• Paul

    Excellent article. I think he should do everything you said.

  • Jeff

    I just got through listening to the last half of today’s live Camping’s Open Forum program (had to work late so missed the first half).

    At that point in the program, reporters in the studio audience were asking him questions. He answered very few questions directly, instead each time going into a rambling discussion. He indicated Family Radio would not refund donations or financially assist people who did things based on his predictions. He insists the end of the world will come in October.

  • http://kathydecosmo.blogspot.com Kathleen Decosmo

    I agree That Harold Camping should ask forgiveness and vow to do everything in his power to restore those who lost jobs, funds, and relationships with loved ones.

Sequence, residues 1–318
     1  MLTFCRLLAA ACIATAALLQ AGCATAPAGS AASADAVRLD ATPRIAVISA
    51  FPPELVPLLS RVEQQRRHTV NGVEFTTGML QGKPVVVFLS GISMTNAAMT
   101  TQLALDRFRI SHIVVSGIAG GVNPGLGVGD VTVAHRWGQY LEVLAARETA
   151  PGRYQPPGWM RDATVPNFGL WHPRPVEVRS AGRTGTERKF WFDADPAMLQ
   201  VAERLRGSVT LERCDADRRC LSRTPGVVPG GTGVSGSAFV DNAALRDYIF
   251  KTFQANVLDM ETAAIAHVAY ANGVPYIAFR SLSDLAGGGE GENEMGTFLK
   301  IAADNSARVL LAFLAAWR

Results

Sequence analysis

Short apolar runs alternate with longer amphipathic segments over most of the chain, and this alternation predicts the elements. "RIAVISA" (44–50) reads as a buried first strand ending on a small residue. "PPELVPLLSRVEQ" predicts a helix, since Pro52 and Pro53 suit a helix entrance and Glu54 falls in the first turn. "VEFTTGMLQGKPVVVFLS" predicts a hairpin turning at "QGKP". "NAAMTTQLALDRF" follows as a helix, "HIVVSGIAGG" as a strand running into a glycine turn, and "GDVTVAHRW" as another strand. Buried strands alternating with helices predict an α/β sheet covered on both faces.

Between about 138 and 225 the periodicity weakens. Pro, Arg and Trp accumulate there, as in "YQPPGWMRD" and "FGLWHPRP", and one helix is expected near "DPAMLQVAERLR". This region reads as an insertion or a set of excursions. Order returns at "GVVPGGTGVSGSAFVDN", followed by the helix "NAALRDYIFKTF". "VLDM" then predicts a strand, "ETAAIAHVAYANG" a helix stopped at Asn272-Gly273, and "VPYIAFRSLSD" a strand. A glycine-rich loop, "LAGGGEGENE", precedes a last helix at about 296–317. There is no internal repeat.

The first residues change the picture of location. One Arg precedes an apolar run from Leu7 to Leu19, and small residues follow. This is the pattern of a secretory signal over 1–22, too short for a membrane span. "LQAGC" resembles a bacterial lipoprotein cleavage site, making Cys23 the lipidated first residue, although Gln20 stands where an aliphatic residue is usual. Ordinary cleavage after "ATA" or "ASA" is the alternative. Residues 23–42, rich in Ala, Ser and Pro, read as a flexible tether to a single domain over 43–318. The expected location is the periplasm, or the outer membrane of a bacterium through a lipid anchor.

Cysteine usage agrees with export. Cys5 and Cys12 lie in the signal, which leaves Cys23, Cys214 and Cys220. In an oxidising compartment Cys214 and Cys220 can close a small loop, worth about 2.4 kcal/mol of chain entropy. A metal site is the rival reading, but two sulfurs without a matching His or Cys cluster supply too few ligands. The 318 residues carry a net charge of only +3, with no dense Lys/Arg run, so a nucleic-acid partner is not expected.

Perhaps the “Real Story” to be told is how Harold Camping handles this and makes it the example people need to see.

    Romans 8:28

  • http://grace-bible.com Jesse Gistand

    I too commend this article.

    Having been with Mr. Camping all throughout the 94 era, as an elder in the RBC Church and now Ministering Pastor of Grac Bible Church in San Leandro.

    Your recoomendations are not over the top, as one person suggested. That people are blinded by Mr. Campings professed holiness is ludicrous.It is his teachings that are damnable.

    UNFORTUNATELY, He did not take your advice. In the most predictable way, He revised his interpretation and is now carrying those poor ignorant naive people into OCTOBER of this year as the true date of Christ return.

    Incredulous, absurb, scandulous, and wicked. There is no other honest way to put it. He is reprobate and impenitant.

    You will never hear him say I am sorry! Iwas wrong, I quit!
    I know this personally!

    Don’t hold your breath,

    • Timothy Dalrymple

      Thanks for sharing your experience, Jesse. I’m afraid you’re right. Humanly speaking, I’m sure you’re right. Could there be some miraculous softening of his heart? There could be. But, as you said, I won’t hold my breath. -Tim